Over the course of the book, one comes to understand Galeano’s title. The masks represent those who squandered their continent’s resources and clamped down their rule upon its people. They also include intellectuals who denied their American heritage, slavishly copying European models. The faces are the nameless people who endured and built, and the patriots and pamphleteers who spoke for them.

Galeano lobs many potshots northward. The United States appears in these pages as a “young voracious country” that gobbles up its neighbors. No one likes criticism from an outsider, but Galeano is even-handed. If he caricatures Teddy Roosevelt, he honors Lincoln, Whitman and Mark Twain. More irksome are minor muddles of fact. (California’s Bear Flag, for example, is confused with the Lone Star banner of Texas). There are off-key phrases in the translation, too--anglicisms thrown in by the British-born translator, Cedric Belfrage.

“Faces and Masks” ends by foreshadowing this century’s revolutions. Karl Marx’s first grandchild is fathered by Cuban Paul Lafargue, “great-grandson of a Haitian mulatta and an Indian from Jamaica.” In 1895, as Jose Marti dies fighting to free Cuba, Augusto Cesar Sandino is born in Nicaragua. And, farther south, another epoch is dawning: the Argentines have discovered soccer.

Galeano clearly identifies with Marti, a poet who turned revolutionary. But he never lapses into propaganda his outrage is tempered by intelligence, an ineradicable sense of humor, and hope. He has taken the New World’s history and fashioned from it a compelling book.

A Telling Chronicle of the Americas : MEMORY OF FIRE : III. Century of the Wind <i> by Eduardo Galeano translated by Cedric Belfrage (Pantheon: $22.95, cloth $10.95, paper 301 pp.) </i>

“Century of the Wind” follows “Genesis” and “Faces and Masks” as the final volume in Eduardo Galeano’s chronicle of the Americas, “Memory of Fire.” In his trilogy, Galeano ranges geographically from Canada to Argentina and Chile and chronologically from the pre-Columbian period to the present. To be sure, Galeano focuses on Latin America, shifting his attention above the Rio Grande primarily to treat events that have had large consequences in Mexico and lands farther south. In any case, “Memory of Fire” has been a hugely ambitious project, embracing vast cultural heterogeneity and complexity. That Galeano has managed to render his history of the Americas at once accessible, coherent and fascinating is a considerable achievement.

In his preface to “Genesis,” which first appeared in Spanish in 1982, Galeano decries conventional histories of Latin America as “lifeless, hollow, dumb . . . drowned in dates,” little more than a “military parade of bigwigs in uniforms fresh from the dry-cleaners.” For Galeano, such works are not only insipid but false, depriving Latin Americans of the knowledge that might break the prevailing mood of resignation and hopelessness. As the title itself indicates, “Memory of Fire” seeks to evoke the combustible, often destructive energy of American history. In presenting his version of events, Galeano makes no pretense of objectivity. I am “unable to distance myself,” he writes. “I take sides.”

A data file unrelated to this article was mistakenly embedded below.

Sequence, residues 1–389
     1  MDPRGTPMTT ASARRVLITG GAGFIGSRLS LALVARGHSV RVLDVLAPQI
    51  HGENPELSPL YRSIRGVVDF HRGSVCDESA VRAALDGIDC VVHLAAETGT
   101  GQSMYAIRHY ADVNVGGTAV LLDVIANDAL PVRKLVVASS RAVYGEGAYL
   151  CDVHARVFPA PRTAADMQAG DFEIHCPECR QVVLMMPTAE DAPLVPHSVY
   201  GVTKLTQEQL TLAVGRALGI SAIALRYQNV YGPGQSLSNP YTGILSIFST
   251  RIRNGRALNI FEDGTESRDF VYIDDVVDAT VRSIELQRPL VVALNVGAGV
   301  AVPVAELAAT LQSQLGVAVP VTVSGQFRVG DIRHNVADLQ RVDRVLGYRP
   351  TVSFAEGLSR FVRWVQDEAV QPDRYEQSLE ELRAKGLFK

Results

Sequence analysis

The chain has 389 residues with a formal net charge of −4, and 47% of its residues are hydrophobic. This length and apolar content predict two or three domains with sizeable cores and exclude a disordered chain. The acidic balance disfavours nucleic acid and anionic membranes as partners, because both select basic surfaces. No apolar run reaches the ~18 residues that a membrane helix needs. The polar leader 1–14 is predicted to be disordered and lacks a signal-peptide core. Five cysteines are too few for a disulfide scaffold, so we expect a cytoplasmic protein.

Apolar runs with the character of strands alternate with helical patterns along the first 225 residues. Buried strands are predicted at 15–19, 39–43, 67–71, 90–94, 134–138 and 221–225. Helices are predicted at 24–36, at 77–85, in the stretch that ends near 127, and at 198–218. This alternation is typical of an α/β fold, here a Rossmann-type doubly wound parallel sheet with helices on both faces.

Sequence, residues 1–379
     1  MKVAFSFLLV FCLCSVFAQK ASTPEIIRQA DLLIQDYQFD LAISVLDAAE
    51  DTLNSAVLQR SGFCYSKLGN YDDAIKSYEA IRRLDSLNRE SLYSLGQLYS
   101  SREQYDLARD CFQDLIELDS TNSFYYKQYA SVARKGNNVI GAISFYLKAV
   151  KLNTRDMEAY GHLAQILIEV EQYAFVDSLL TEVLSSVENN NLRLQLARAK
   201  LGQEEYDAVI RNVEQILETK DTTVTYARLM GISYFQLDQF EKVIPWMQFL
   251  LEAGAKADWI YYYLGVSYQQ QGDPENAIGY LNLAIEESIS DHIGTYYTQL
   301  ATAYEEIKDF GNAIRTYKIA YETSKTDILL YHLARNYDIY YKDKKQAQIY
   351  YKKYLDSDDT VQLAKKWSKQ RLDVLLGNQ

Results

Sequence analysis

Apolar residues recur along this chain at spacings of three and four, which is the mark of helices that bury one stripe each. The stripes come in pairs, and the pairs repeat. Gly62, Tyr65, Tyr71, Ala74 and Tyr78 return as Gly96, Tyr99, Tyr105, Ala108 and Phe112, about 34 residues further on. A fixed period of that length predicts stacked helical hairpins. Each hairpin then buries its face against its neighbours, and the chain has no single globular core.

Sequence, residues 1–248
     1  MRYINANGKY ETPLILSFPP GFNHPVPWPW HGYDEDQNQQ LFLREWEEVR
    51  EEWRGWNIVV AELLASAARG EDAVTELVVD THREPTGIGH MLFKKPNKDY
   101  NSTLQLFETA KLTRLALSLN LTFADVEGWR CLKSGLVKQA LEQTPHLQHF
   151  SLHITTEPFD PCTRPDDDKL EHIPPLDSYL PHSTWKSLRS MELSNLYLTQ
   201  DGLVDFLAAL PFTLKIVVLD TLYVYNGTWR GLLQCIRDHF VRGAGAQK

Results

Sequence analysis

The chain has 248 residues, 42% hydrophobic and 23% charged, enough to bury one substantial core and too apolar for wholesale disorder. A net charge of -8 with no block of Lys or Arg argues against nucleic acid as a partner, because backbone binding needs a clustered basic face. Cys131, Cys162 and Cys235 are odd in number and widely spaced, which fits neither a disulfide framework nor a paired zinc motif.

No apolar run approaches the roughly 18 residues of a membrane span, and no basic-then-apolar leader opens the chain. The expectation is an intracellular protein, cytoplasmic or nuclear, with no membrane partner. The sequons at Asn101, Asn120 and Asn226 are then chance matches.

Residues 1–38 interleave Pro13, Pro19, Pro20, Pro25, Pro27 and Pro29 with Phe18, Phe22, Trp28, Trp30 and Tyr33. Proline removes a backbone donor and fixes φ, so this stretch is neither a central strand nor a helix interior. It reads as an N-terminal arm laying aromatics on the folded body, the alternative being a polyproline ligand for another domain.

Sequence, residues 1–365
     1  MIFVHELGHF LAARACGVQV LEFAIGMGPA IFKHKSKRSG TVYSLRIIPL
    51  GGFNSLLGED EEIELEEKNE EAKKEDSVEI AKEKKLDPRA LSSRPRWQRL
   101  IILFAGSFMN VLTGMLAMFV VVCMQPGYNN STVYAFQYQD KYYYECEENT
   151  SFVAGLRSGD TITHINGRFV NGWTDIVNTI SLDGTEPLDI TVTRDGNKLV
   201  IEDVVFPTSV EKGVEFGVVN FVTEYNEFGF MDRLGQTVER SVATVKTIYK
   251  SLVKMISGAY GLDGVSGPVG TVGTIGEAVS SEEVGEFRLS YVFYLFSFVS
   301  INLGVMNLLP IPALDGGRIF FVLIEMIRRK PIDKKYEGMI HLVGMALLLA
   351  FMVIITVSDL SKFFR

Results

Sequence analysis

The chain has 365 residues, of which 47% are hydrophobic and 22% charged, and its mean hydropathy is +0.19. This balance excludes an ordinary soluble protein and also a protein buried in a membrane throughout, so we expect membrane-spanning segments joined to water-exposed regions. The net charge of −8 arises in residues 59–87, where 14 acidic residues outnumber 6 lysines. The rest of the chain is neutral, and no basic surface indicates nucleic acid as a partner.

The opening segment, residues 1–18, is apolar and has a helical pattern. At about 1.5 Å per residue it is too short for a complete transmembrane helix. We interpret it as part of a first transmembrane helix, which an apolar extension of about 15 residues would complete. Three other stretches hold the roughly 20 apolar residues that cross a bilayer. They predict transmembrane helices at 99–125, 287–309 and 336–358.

And so he does, initially with the aboriginal peoples of America and, later, with its oppressed masses, mostly Indian and black. He takes sides against the particular evils of the European conquest, North American capitalism and imperialism and the endless varieties of Latin American despotism. “Genesis” traces the legacy of the conquistadors’ racism and avarice to 1700, by which time the aboriginal cultures had been virtually demolished and the bonds of colonialism had slackened, leaving an America “torn to pieces.” In “Faces and Masks,” Galeano opens his survey of the 18th and 19th centuries with these lines from a Colombian poem:

nor just where I was bedded.

Don’t know where I’m from

nor where the hell I’m headed.

From his vantage point, Galeano sees the track of American history somewhat more clearly. Thomas Jefferson appears, to be followed by Toussaint L’Ouverture, Miguel Hidalgo y Costilla and Simon Bolivar. Independence, however, is not freedom, and everywhere, from Washington to Buenos Aires, governments fall into the hands of the wealthy.

During the 19th Century, the United States easily surpasses other American nations in economic development. As an omen of things to come, Galeano recounts the intrigues of William Walker, a pious, self-styled Southern gentleman who descends on Nicaragua with an army of adventurers and a bank account furnished by North American businessmen. A year later in 1856, Walker proclaims himself president, restores slavery, declares English the official language and offers land to any white compatriots willing to resettle in Nicaragua.

As “Century of the Wind” opens, Galeano notes two episodes that provide keys to his understanding of modern Latin American history. The first begins in New York City in 1901 when Andrew Carnegie sells his steel interests to J. P. Morgan for $250 million. Galeano writes that “a fever of consumption” and “a vertigo of money” dominate the United States the country “belongs to the monopolies and the monopolies to a handful of men.” Meanwhile, the “other America” remains in economic chaos, the individual countries eagerly signing commercial treaties with the United States and European nations but none with their neighbors. “Latin America is an archipelago of idiot countries” laments Galeano, “organized for separation and trained to dislike each other.”

The second definite episode occurs in Quetzaltenango, Guatemala, in 1902 as the town is being destroyed by lava and mud avalanches from a volcanic eruption. Choking in a rain of ashes, the town crier bravely reads a proclamation by the president assuring the local citizens that all is quiet in Guatemala, that the rumors of volcanic disturbance are merely the dirty tricks of the “enemies of order.”